Healthcare Administration Careers
The field of Healthcare Administration has benefited greatly from advances in technology, but these advancements bring new challenges as well. Improvements in patient care, along with a greater emphasis on preventive medicine, have led to longer life expectancy, increasing the need for competent managers to oversee the distribution of care and maintain efficiency in both case management and cost control.
What Healthcare Administrators Do?
Jobs in Healthcare Administration focus on the business and financial side of the healthcare industry. They entail managing people, costs and earnings, data, and supplies. Healthcare Administrators are involved in many aspects of the medical facility they serve, and may find themselves single handedly managing a small facility or focusing on a single, specialized area in a large healthcare facility.
A hospital or doctor’s office isn’t just a place where medical services are provided, it’s also a business, and one that requires careful management to ensure that it can meet the needs of its community. Skill sets necessary for Healthcare Administrators may include but are not limited to human resources management, financial planning, information systems management, inventory control, and marketing and public relations.
Good communications skills are imperative for all Healthcare Administrators, whether they work in a small office or a large hospital. A Healthcare Administration career is highly interactive. To be effective, managers must be able to work well with all facility personnel and to act as a coordinator and intermediary, when necessary.
Healthcare Administrators in large hospitals are responsible for overseeing hundreds of employees and millions of dollars’ worth of equipment. They must be able to weigh the risks and benefits of various courses of action, in regards to both human health and the fiscal health of their organization. They must also possess strong leadership abilities, in order to steward their organization through difficult situations without alienating staff members.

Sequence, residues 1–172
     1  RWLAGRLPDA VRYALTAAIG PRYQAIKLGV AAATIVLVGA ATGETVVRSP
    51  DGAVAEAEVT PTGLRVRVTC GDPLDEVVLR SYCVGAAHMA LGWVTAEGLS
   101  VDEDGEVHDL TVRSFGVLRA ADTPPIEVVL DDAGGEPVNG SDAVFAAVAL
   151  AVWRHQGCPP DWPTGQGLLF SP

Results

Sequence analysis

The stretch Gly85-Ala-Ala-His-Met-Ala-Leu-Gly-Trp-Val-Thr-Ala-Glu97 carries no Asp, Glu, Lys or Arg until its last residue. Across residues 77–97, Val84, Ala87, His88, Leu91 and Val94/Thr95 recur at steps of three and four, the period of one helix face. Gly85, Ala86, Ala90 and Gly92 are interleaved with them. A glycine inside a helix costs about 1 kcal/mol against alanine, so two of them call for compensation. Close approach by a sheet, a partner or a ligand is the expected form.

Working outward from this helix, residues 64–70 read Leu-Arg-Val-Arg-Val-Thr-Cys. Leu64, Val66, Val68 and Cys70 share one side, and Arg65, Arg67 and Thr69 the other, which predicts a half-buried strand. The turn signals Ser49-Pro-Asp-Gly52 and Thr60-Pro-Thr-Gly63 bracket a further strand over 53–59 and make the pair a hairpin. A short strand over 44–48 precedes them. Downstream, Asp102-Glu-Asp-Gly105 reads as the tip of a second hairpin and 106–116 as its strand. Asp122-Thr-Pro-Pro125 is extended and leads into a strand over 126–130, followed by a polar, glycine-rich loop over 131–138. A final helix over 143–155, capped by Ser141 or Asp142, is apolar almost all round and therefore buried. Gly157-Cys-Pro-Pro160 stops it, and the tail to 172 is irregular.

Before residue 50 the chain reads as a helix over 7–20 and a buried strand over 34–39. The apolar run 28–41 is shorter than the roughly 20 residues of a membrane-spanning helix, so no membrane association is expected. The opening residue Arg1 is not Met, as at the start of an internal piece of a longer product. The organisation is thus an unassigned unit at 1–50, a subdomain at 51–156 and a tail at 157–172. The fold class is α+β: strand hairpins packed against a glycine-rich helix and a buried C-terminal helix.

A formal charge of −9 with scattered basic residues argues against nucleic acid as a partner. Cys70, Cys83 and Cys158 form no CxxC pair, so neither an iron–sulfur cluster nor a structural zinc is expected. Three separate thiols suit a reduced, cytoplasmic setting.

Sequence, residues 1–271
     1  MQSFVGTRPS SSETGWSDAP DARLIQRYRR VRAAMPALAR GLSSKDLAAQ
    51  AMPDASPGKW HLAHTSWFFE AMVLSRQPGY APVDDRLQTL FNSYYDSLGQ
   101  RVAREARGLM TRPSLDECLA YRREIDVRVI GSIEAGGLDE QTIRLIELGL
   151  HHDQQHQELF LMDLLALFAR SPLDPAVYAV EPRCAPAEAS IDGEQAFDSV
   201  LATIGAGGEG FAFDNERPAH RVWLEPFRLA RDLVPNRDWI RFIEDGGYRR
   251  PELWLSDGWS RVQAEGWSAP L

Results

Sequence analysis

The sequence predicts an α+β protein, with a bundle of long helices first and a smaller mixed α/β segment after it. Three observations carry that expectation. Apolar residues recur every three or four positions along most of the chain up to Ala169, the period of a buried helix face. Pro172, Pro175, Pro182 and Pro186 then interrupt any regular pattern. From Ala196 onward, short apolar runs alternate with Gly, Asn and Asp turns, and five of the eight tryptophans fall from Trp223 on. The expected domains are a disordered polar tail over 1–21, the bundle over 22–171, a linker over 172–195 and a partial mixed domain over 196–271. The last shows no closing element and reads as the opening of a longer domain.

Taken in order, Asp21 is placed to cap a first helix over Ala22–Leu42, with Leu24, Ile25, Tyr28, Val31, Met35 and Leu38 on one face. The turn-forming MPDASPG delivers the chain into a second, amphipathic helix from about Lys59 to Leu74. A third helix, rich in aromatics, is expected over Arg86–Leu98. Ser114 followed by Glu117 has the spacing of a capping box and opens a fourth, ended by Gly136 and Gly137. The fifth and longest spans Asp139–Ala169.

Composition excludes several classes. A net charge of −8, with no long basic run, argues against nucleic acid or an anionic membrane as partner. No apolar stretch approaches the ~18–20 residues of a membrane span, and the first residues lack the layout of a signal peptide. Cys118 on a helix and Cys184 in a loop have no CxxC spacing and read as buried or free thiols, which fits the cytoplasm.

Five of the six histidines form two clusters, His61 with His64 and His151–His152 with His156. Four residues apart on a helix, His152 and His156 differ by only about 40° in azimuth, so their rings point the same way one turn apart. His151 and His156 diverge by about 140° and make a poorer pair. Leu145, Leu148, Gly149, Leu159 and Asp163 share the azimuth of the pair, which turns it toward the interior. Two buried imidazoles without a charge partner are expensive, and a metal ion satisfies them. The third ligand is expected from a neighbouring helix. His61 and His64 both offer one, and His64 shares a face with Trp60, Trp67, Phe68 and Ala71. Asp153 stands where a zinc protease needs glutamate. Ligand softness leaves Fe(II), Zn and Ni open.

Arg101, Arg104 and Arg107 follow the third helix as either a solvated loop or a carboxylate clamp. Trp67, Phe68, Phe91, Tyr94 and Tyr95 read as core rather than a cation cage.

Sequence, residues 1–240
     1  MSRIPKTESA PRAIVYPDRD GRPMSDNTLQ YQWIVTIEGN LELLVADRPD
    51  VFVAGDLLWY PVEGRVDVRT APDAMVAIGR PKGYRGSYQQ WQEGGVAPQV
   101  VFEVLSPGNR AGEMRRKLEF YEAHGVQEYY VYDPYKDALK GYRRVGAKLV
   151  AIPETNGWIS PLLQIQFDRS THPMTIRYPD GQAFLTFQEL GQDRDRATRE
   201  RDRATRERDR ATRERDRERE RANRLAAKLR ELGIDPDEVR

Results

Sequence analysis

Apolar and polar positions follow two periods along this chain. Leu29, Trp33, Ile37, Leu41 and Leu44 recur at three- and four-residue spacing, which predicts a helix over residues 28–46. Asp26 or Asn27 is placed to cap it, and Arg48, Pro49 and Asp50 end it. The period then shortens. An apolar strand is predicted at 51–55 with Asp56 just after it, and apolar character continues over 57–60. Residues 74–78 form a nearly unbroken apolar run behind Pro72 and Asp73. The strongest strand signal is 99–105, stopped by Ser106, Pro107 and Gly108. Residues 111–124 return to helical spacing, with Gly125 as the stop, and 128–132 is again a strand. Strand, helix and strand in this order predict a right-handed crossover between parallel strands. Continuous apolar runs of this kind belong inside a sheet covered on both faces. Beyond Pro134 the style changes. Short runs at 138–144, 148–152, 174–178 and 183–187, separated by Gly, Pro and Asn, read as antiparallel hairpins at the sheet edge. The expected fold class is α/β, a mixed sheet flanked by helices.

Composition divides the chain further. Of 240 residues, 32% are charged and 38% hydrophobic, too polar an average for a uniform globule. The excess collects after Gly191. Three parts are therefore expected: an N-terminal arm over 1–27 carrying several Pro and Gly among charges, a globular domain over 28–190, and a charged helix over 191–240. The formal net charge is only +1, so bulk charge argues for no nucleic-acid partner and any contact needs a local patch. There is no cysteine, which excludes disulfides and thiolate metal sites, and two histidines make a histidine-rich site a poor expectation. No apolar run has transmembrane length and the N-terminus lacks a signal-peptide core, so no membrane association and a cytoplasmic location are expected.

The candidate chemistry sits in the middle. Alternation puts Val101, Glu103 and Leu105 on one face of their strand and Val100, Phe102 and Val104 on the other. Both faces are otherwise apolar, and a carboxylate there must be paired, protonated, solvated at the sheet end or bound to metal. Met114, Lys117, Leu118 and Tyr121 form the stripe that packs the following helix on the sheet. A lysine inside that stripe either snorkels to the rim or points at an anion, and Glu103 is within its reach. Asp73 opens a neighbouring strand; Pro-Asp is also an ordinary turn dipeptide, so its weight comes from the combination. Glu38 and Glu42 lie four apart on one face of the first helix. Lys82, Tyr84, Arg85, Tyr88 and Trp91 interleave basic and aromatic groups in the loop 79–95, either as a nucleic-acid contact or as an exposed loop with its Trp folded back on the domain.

Flexibility is another necessary attribute for success in a Healthcare Administration jobs. In smaller facilities, and in times of personnel shortages, Healthcare Administrators may find themselves picking up duties that would normally be handled by other staff members. They are also often called upon to work long hours or late shifts, especially if they work in a facility that is open to the public 24 hours a day.
All healthcare providers are required by law to maintain patient records in an electronic format, and to ensure that these records are kept secure. Those in Health Information Systems jobs must stay current with the latest information systems technology in order to maintain accurate patient records and prevent database corruption. They will also need to continually educate themselves about online security best practices and ever-evolving threats to data security. Healthcare Administration managers must also stay current on the latest laws and regulations regarding medical care.
Where Healthcare Administrators Work
Pursuing a career in Healthcare Administration will give you a wide variety of job settings to choose from, including everything from a single practice doctor’s office to a large metropolitan hospital, and from careers in the private sector to jobs with government organizations. Nursing homes, out-patient facilities, public health offices, mental health facilities, health insurance organizations, and private and university research institutions are just a few more examples of the many environments where Healthcare Administrators are found.
Healthcare Administration job opportunities exist in every geographical region of the country, because wherever there are people there is a need for health care, and wherever there is a need for health care there is a supply of jobs.